A Relaxing Read. Joseph Lorusso (American, b.1966).
Lorusso has concentrated on honing his powers of observation, especially as it concerns to color, texture, form and composition. Lorusso’s paintings have been described as warm and dreamlike, places of restful escape with a sense of spirituality, and share timelessness with the works of other eras.
Reading (La Lecture), 1888. Berthe Morisot (French, 1841–1895). Oil on canvas. Museum of Fine Arts, St. Petersburg, Florida.
Morisot’s work is often unjustly characterized as feminine. Jeanne Bonnet was the model for this painting. The artist used thick, bold brushstrokes to apply complementary colors of soft tones in blues and greens with touches of red, blue, and yellow. An important member of the Impressionist movement and equally respected by her peers, her style is no more feminine than that of Renoir.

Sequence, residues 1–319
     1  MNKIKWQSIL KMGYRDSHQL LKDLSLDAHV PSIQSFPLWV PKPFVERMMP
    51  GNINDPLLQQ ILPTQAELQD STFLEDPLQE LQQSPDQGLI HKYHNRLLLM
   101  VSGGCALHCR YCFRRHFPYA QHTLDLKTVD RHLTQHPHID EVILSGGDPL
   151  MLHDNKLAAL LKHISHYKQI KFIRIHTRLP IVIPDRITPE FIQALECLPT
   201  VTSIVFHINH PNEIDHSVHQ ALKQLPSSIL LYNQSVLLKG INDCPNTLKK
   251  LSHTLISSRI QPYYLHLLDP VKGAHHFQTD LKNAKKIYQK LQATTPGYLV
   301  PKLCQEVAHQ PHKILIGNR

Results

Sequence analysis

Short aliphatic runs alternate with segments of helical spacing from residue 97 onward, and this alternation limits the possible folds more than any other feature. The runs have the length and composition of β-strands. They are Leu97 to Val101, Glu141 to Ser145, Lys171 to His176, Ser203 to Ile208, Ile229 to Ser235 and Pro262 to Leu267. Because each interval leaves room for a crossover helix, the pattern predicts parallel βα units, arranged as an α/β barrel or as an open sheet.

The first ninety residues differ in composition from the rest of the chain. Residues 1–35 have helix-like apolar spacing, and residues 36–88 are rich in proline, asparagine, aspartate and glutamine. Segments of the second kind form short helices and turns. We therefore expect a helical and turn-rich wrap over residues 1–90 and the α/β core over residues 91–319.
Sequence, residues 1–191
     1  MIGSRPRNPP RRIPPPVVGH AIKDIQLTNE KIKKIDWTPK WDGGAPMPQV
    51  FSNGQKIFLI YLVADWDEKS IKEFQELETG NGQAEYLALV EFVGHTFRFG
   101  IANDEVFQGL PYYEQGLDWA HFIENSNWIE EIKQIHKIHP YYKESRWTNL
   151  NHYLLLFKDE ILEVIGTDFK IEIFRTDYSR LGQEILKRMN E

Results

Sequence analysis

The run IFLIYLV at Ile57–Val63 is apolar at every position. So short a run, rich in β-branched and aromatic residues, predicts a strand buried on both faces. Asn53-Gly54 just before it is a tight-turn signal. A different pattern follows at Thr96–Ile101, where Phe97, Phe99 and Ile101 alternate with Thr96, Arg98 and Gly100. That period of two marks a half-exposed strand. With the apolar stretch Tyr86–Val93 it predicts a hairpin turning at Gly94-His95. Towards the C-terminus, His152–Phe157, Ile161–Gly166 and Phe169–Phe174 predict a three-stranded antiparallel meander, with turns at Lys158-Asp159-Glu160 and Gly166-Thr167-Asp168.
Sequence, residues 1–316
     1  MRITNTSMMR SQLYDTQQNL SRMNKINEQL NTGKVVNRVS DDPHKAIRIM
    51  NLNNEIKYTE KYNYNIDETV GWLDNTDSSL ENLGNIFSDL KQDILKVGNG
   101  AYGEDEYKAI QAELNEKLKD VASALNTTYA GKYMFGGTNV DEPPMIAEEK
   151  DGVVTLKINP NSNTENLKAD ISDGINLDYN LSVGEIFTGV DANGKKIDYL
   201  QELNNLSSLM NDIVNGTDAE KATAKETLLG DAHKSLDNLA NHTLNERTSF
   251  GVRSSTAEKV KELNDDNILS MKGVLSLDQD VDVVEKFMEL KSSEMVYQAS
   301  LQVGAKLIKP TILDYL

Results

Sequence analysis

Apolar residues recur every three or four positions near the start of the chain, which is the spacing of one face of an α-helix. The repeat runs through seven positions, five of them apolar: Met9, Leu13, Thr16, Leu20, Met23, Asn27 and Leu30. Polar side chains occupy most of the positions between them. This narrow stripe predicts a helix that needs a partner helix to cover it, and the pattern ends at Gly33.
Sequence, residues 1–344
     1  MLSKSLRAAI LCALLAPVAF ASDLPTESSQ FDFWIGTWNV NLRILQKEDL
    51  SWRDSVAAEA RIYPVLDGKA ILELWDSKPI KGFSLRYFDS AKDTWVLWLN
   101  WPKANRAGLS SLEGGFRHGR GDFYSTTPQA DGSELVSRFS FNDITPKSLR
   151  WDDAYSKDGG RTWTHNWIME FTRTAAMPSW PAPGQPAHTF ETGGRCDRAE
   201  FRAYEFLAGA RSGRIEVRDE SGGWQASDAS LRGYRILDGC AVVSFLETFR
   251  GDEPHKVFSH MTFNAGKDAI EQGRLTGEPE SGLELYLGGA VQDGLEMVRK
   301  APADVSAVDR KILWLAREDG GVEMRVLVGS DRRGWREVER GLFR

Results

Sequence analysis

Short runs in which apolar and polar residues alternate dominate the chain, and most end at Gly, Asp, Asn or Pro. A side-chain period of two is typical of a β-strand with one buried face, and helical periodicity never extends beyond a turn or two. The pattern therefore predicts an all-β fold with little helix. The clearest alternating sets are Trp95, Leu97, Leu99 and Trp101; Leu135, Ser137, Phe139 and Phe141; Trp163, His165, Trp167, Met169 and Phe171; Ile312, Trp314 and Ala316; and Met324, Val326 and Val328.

The Princess of Lamballe. Jean-Baptiste Charpentier the Elder (French, 1728-1806). Oil on canvas.
Princess Maria Teresa of Savoy-Carignan (Marie Thérèse) (1749-1792) was married at the age of 17 to Louis Alexandre de Bourbon-Penthièvre, Prince de Lamballe, the heir to the greatest fortune in France. After her marriage, which lasted a year, she went to court and became the confidante of Queen Marie Antoinette. She was killed in the massacres of September 1792 during the French Revolution.
Thank you :)
Woman Reading (c.1900). George Henry Boughton (American, 1833-1905). Oil on canvas. Albany Institute of History and Art.
In 1861 Boughton opened a studio in London, and, although living in England, nevertheless focused on subjects of early American Colonial history, and an American critic noticed that “for early history of this country his talents seems to be peculiarly fitted.”